Groundbreaking CV AI accelerator design announced at Flash Memory Summit could be game changer for real-time threat detection
Blueshift Memory, designer of a novel proprietary high-speed memory architecture, has announced the successful completion of a 13-month R&D project to demonstrate the performance of its Cambridge Architecture™, which was funded by an Innovate UK Smart grant. Blueshift Memory is also showcasing at Flash Memory Summit the chip it has designed during the project, which is an accelerator solution for computer vision (CV) AI-enhanced image recognition.
A paper will be presented at the Summit, describing the development of the RISC-V-based chip, and reporting the achievement of acceleration by a factor of 16 to 128 times for processing image data, along with ultra-low power consumption.
When used in a security camera monitoring a rapidly-evolving active shooter situation, for example, the chip can enable real-time identification of different types of firearms to automatically trigger an alarm. This capability could be a game changer and could potentially save many lives.
The Cambridge Architecture has been developed to address the Von Neumann Bottleneck – the phenomenon that data transfer between the core and the memory has become the limiting factor in computational speed. As computing tasks grow more data-hungry, it overcomes a growing obstacle to computational efficiency, and it also offers huge energy savings by eliminating unnecessary movement of data.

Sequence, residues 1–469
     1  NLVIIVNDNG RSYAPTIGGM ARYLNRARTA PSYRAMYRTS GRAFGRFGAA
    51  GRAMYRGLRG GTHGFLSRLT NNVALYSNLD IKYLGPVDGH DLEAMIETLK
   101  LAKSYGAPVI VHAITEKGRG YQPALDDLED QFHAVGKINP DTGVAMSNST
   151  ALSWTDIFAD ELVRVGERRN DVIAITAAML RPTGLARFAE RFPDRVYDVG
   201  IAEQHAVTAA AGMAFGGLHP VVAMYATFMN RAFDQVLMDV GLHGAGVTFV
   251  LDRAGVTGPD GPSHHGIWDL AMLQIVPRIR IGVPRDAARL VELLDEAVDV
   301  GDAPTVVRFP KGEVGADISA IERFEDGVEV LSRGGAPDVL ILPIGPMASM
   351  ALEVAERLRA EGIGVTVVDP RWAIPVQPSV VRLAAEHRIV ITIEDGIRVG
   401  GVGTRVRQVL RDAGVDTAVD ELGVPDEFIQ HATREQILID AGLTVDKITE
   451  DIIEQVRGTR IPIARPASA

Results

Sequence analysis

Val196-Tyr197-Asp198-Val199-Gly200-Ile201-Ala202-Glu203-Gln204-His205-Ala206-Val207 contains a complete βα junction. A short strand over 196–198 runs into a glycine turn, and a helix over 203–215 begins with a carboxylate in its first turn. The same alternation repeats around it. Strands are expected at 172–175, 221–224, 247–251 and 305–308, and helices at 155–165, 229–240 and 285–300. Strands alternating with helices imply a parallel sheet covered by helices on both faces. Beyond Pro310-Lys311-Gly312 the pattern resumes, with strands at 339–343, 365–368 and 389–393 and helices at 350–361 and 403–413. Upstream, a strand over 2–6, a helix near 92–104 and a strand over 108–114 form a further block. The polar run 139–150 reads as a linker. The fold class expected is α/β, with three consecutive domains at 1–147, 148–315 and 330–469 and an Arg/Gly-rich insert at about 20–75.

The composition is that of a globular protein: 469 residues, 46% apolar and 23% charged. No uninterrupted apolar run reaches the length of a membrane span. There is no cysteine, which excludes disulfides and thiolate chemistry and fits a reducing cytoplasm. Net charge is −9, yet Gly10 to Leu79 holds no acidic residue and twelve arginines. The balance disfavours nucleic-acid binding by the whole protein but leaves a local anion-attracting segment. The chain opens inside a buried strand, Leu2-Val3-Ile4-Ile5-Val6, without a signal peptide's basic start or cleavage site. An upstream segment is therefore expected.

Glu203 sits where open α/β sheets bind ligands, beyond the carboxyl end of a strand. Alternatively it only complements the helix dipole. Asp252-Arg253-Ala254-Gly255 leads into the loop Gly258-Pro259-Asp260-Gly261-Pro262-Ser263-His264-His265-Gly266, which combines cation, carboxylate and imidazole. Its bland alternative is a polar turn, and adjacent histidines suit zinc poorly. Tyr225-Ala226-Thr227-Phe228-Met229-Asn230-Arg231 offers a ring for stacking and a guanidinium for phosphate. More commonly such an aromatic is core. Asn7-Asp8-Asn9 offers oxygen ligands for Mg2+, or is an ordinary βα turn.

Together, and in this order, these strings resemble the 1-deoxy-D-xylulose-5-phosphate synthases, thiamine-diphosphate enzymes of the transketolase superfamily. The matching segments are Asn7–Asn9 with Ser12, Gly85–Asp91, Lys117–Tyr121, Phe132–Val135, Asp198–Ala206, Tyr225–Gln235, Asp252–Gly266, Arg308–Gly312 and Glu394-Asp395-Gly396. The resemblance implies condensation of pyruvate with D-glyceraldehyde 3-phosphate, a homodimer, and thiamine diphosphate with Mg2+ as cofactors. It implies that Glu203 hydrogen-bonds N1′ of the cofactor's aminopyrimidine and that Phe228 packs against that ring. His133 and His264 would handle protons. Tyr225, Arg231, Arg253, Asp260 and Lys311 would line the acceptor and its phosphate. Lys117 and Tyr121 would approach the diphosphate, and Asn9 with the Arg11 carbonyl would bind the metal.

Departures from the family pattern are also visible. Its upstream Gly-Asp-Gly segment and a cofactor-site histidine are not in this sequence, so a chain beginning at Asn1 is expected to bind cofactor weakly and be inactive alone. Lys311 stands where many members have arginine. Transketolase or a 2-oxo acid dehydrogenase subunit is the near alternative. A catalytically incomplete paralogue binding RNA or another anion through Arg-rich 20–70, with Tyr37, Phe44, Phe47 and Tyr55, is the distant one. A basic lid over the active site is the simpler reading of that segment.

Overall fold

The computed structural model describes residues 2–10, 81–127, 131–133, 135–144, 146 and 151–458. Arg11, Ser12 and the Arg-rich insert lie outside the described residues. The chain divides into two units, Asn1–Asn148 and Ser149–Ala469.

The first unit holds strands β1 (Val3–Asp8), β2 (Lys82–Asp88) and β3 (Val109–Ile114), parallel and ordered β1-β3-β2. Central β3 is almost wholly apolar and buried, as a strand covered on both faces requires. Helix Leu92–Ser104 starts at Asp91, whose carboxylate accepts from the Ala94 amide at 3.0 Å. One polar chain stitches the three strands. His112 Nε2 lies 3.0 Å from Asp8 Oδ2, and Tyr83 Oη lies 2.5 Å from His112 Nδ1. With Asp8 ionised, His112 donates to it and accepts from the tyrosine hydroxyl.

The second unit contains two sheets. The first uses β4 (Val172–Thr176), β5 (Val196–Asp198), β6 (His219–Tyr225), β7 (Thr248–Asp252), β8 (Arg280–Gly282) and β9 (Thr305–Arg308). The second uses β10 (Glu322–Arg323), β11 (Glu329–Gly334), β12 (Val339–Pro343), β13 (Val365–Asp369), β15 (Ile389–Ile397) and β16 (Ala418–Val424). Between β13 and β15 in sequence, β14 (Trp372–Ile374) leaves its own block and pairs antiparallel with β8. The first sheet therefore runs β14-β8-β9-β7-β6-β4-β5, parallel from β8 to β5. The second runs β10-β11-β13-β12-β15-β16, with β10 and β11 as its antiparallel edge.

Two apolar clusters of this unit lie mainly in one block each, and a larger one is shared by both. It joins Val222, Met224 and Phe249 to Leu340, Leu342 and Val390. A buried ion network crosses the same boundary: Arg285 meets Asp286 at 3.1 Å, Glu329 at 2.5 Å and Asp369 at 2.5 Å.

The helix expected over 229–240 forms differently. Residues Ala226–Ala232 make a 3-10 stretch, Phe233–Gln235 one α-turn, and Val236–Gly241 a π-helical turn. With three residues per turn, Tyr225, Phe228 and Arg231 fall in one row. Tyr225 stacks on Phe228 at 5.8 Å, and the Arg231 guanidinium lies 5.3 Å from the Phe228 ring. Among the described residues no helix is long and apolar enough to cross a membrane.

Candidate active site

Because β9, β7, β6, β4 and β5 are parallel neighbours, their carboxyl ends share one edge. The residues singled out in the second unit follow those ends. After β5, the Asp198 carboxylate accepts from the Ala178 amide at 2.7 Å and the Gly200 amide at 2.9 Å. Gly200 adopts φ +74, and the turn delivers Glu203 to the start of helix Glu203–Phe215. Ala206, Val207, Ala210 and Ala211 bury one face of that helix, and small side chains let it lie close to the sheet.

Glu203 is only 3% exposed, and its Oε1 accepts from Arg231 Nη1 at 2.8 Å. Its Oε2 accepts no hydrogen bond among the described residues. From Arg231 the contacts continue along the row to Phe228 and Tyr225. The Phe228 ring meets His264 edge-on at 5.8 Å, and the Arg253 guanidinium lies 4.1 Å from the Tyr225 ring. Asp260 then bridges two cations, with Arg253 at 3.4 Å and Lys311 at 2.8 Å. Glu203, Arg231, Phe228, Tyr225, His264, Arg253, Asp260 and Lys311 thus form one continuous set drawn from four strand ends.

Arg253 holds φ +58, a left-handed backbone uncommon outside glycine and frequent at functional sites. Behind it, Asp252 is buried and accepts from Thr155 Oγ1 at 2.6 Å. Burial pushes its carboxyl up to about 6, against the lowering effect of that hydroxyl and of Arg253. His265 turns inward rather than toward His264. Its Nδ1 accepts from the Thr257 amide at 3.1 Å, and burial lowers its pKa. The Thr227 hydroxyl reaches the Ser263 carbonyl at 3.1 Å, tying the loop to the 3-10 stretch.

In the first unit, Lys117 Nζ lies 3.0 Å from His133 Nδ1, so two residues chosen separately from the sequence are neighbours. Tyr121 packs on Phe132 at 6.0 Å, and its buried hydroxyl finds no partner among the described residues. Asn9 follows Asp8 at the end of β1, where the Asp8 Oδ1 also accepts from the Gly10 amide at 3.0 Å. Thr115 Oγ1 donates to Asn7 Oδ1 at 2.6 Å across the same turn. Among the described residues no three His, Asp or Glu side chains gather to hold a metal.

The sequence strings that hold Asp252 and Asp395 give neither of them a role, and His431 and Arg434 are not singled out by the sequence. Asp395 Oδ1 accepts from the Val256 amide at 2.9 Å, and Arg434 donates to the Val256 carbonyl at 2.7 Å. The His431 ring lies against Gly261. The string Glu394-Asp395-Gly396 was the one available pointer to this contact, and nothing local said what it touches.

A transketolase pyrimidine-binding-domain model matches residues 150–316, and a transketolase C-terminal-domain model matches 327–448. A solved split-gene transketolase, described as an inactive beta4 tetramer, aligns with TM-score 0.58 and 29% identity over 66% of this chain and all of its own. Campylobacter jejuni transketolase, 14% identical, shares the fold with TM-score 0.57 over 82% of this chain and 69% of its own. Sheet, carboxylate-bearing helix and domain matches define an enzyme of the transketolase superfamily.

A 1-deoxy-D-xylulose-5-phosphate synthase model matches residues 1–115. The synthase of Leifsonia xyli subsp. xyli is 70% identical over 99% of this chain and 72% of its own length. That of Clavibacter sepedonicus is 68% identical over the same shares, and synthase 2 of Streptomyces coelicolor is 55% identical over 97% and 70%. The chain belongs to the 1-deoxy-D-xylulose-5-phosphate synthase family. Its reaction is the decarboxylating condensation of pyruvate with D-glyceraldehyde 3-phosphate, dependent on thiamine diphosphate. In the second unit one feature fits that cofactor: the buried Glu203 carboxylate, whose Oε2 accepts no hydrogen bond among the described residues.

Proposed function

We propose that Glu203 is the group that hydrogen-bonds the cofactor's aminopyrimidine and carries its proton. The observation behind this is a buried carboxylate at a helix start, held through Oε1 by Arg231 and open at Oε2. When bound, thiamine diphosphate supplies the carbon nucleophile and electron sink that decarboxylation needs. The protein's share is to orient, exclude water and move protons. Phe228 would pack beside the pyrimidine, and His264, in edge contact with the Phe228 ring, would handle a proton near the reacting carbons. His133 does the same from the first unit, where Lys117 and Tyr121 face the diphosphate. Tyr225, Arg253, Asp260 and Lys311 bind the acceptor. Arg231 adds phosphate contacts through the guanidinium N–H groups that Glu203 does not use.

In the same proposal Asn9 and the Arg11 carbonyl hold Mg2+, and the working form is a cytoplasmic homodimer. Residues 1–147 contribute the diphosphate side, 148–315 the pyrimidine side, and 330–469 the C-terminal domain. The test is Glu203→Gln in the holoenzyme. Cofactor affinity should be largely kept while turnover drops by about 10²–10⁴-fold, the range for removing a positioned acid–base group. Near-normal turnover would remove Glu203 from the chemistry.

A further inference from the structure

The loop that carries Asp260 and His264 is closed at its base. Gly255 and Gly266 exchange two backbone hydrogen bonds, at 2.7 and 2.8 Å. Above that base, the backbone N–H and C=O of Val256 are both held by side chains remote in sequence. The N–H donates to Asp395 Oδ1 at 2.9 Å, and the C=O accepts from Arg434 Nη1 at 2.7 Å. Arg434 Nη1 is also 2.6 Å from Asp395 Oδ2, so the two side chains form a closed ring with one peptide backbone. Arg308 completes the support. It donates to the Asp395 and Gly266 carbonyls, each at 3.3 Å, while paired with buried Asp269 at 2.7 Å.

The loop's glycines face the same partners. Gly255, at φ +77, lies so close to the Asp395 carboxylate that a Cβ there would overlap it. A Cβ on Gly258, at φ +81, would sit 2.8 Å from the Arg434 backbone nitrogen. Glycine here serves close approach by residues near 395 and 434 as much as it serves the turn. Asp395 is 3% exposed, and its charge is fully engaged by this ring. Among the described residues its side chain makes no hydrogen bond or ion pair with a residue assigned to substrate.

“This is the first time that Blueshift Memory’s technology has been demonstrated in a real-life application, and the results are extremely promising,” said Peter Marosan, CTO and founder of Blueshift Memory. “We know that in more challenging, data-intensive use cases like servers for high-frequency trading, the Cambridge Architecture is capable of even higher levels of acceleration, up to 1000x or more, and this is the first step towards us reaching that market. This high performance will also be accompanied by dramatic energy savings, since moving large amounts of data around unnecessarily makes excessive demands on energy consumption.”